Police in Nebraska say they've seized 118 pounds of pure fentanyl — one of the largest seizures in U.S. history, they say, and enough to kill more than 26 million people, according to government estimates.
Nebraska State Patrol troopers say they seized the drugs during a traffic stop on Interstate 80 near Kearney on April 26, but at the time suspected most of the powder to be cocaine.
On Thursday, police said the Nebraska State Patrol's crime laboratory confirmed the substance was entirely fentanyl — making it the biggest bust in Nebraska's history, they said, and worth about $20 million.
"When you take that much fentanyl off the street you are saving lives," Nebraska Gov. Pete Ricketts said Thursday.
Fentanyl is a synthetic opioid 30-50 times more potent than heroin and 50-100 times more potent than morphine, according to the Drug Enforcement Administration. Two milligrams is enough to be a lethal dose for most people, the agency says.
Troopers found the drugs after seeing a tractor-trailer driving on the shoulder of the interstate last month. A "trooper became suspicious of criminal activity" after stopping it and found a "false compartment" during a search of an empty trailer. The Nebraska State Patrol says the compartment contained 42 packages wrapped in foil.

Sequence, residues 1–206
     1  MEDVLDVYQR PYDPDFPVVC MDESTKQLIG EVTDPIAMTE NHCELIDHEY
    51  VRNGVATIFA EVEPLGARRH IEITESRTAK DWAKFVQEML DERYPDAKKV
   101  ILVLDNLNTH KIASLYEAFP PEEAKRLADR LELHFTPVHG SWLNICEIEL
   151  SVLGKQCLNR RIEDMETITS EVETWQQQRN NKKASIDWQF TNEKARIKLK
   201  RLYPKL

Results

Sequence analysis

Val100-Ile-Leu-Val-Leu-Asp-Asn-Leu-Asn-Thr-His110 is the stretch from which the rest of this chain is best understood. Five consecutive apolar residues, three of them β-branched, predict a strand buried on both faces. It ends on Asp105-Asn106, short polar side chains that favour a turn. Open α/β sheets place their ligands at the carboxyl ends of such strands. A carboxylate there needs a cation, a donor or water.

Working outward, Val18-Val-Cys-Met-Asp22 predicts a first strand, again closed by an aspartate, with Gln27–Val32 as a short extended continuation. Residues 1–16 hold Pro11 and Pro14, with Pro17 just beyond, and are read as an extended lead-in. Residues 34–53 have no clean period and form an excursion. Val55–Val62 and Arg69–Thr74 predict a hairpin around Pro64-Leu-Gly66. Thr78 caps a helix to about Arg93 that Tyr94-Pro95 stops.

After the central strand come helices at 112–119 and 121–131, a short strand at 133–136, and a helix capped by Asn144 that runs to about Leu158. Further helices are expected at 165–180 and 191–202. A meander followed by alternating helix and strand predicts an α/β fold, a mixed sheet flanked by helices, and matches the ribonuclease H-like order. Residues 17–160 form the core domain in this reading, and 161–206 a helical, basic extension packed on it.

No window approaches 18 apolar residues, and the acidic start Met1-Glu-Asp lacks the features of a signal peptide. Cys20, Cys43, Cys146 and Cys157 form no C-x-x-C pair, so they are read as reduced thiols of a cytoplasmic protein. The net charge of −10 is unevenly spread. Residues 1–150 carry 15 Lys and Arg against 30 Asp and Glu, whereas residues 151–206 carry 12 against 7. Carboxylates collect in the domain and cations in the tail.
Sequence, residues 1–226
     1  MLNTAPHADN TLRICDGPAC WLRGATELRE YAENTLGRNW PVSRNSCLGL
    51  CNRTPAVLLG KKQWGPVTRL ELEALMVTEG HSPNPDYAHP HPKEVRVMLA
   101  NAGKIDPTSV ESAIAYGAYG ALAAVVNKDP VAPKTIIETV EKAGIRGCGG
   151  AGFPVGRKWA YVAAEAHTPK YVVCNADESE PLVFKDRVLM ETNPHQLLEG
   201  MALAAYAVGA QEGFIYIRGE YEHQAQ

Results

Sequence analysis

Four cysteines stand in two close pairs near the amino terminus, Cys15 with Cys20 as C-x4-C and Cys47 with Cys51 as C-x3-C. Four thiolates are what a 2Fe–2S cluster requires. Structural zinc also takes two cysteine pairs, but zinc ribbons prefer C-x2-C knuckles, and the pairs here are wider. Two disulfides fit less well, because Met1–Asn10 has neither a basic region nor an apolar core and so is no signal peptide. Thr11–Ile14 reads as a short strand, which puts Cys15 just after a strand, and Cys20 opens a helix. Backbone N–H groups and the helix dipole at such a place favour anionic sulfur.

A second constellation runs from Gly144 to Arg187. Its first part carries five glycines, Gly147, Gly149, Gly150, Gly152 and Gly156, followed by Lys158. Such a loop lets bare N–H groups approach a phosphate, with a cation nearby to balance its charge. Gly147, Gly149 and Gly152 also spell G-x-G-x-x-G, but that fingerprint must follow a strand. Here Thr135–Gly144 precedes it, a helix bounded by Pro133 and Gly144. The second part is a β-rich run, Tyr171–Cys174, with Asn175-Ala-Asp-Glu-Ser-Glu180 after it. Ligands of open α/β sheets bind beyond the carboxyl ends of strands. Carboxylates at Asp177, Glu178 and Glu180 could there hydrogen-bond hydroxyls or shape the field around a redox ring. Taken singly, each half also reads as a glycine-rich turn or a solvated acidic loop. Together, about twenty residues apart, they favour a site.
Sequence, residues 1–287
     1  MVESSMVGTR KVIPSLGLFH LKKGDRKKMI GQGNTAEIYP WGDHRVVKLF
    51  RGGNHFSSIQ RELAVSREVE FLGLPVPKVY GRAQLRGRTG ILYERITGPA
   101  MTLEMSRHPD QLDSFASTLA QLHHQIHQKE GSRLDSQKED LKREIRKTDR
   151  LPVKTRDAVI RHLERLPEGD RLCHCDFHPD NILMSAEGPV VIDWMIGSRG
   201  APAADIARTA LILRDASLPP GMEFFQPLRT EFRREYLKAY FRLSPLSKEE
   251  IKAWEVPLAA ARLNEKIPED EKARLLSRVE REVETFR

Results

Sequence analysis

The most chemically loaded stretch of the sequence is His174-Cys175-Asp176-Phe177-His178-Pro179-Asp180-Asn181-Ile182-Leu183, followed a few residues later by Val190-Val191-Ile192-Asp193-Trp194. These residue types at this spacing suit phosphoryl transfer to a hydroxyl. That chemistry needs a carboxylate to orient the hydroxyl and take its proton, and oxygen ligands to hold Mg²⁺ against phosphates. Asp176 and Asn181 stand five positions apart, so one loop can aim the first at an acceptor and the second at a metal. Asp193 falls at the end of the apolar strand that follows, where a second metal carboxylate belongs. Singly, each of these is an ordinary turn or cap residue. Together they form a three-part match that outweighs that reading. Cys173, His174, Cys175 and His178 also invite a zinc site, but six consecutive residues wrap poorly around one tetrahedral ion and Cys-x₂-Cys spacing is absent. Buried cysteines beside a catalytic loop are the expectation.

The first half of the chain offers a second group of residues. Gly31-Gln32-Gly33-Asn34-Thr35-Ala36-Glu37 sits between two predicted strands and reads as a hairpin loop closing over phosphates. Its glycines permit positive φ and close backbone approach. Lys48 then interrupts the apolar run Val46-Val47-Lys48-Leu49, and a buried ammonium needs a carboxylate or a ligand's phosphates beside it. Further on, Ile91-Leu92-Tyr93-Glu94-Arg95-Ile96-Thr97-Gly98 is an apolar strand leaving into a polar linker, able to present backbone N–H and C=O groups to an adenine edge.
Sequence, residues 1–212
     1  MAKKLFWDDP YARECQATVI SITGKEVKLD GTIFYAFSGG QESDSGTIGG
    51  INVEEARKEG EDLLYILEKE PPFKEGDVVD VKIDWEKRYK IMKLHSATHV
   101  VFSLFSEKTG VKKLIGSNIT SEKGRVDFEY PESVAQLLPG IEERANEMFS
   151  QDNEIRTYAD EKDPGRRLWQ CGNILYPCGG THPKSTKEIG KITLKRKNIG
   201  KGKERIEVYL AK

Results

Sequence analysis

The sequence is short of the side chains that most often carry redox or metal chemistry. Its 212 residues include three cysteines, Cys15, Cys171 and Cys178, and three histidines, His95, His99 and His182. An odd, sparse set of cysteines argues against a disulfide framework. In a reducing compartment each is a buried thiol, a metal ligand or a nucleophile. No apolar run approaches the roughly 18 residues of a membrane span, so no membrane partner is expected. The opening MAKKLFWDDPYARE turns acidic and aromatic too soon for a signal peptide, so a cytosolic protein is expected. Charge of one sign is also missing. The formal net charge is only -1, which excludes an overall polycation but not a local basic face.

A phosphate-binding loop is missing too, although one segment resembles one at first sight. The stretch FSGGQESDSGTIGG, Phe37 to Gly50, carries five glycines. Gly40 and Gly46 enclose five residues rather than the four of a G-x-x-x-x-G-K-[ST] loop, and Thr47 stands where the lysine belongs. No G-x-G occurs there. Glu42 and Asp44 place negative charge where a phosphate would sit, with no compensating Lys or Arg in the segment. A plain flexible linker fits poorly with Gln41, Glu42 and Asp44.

The driver, 46-year-old Felipe Genao-Minaya, and passenger Nelson Nunez, 52, were arrested "for possession of a controlled substance with intent to deliver and no Drug Tax stamp." Both are residents of New Jersey, according to authorities.
Fentanyl has received increased attention in recent years as a contributor to the country's opioid crisis, which kills an average of 115 Americans each day, according to the Centers for Disease Control and Prevention.
Last year the CDC said fentanyl was found in the bodies of the majority of people who died of opioid overdoses in 10 states during the second half of 2016. "Out of a total of 5,152 opioid overdose deaths, almost 3,000 tested positive for fentanyl, and over 700 tested positive for drugs that have similar chemical structures to fentanyl," the CDC said in October.
U.S. Customs and Border Protection's Office of Field Operations says it seized 951 pounds of fentanyl in fiscal year 2017, more than double the year prior. Already, the agency says it's seized almost as much — 934 pounds — in just the first six months of the 2018 fiscal year.
As NPR's Brian Naylor reported, much of that fentanyl is coming from overseas through the U.S. Postal Service, which handles 1.3 million packages coming into the country each day.
The DEA blames China and Mexico as the "major source countries" where fentanyl is manufactured in labs. The drug is legal for certain cases of pain relief, but because of a high profit margin is often sold illegally, according to the agency.